http://thethunderchild.com/BurnsintheCity/ChrisSteinbrunner.html

    Once a month, in the MWA’s 5th Avenue headquarters, there’d be a cocktail party, for a couple of hours. The beauty of this was young writers could mingle with established pros, and anyone else who cared to mix in, who was a member. The Henry Slesars of the world, on occasion, were side-by-side with the most charming of neophites.

    Friendships made in those days among young writers, including Robert Randisi and the late Edward Hunsburger and C.J. (Chris) Henderson, can STILL resonate.

    It was very much a meritocracy of good fellowship:

    You were made to feel welcome, as long as you had something to offer, particularly in the way of pleasantness, or good conversation!

    (Some time later, when Chris ailed, Susan Dodson, in fact, began running the small soirees. The organization lost a great deal, when these monthly get-togethers were cancelled.)

    And while the awards weekend was certainly a very big, prestigious deal, it was this sense of fun that could permeate many of its functions, both official and otherwise.

    Warren Murphy couldn’t have been nicer.

    By then, he was already well enough established, that he could well have acted like a jerk… But, as you might suspect by now, he was the exact opposite, going out of his way, to be a wonderful evening’s companion.

    (There’s a funny Clint Eastwood story that I’ll drop in here, out of nowhere: Susan once told me that when Murphy was working on THE EIGER SANCTION, or perhaps having a meeting with the actor/directior/producer on another project, the two were meeting in Las Vegas… As Eastwood and Murphy walked through a casino, (Murphy himself was an impressive looking dude), someone said, “It’s Clint Eastwood!” Eastwood, Murphy related, turned around, excited, and said “Really? Where?”)

    I wouldn’t put too much of LETHAL WEAPON 2 on Murphy’s head… His non-series mystery novels are well enough respected that I suspect that all of the shenanigans were others’ doings…

    But there is a mystery here, that I think Warren would like me to take a moment to explore:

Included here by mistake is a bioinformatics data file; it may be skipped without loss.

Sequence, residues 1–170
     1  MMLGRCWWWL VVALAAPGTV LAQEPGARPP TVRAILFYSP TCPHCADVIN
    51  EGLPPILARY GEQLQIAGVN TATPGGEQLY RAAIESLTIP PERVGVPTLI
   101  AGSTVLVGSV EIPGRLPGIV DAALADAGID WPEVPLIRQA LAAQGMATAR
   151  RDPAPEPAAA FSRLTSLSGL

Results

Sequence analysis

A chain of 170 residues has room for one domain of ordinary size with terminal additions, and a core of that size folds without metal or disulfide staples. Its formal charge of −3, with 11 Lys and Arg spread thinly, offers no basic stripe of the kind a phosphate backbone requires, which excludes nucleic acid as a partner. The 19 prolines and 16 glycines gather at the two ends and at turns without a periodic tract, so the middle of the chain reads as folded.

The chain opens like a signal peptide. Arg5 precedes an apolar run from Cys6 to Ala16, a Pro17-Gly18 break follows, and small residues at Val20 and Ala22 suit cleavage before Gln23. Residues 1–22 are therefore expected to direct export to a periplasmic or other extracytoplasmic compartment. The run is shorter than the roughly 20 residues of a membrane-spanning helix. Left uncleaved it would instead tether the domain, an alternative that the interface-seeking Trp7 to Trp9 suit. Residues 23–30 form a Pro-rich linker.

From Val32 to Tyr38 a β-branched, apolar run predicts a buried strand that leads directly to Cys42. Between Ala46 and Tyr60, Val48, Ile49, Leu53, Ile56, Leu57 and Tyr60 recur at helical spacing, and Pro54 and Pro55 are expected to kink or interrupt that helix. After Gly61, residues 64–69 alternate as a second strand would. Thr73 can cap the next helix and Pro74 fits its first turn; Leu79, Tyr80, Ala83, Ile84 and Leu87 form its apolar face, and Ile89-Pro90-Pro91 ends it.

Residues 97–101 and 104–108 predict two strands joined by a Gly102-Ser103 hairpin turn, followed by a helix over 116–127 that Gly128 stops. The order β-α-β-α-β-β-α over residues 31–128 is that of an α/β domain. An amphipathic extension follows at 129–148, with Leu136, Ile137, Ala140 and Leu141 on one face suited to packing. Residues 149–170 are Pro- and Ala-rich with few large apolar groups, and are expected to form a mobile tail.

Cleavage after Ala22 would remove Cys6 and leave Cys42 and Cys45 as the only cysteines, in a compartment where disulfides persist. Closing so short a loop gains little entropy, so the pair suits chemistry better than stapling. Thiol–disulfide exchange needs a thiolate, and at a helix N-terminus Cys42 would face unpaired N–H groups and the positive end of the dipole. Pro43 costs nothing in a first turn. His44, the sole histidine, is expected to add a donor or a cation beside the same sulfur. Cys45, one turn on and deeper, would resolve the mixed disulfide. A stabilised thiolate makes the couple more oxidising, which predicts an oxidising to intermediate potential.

Because our mutual, good friend, Susan Dodson, kind of dropped out of sight, over a decade ago. She could well be fine, but even Linda Gender Fay–with whom I had remained friends for decades–no longer knew how to reach her.

    Susan had written a couple of young adult mystery novels, and was also a graphic designer, originally from the Pittsburgh area.

    She could also be a dear.

    It could well be that Susan is “in plain sight,” and just some of us no longer know how to contact her. But she was a lovely part of the New York mystery scene, for many years…

    And it would be lovely to know if she’s all right.

    (For that matter, I no loner know how to reach Linda!)

    That night, Murphy and I bonded over the oddest of coincidences:

    As very young children, we had both been exposed to magicians, of a sort, cheating, ruinng much of our ability to ever enjoy stage magic. As a three year old, my Dad ran me up, when a magician at a local community event asked for a volunteer… (Understand, this was what I wanted!) The rotary club-type performer was doing a card trick, and when his assistant whispered in my ear, asking me to lie… This was inconceivable to me. And the other child being used in the presentation, who clearly, had complied, was given the nice prize…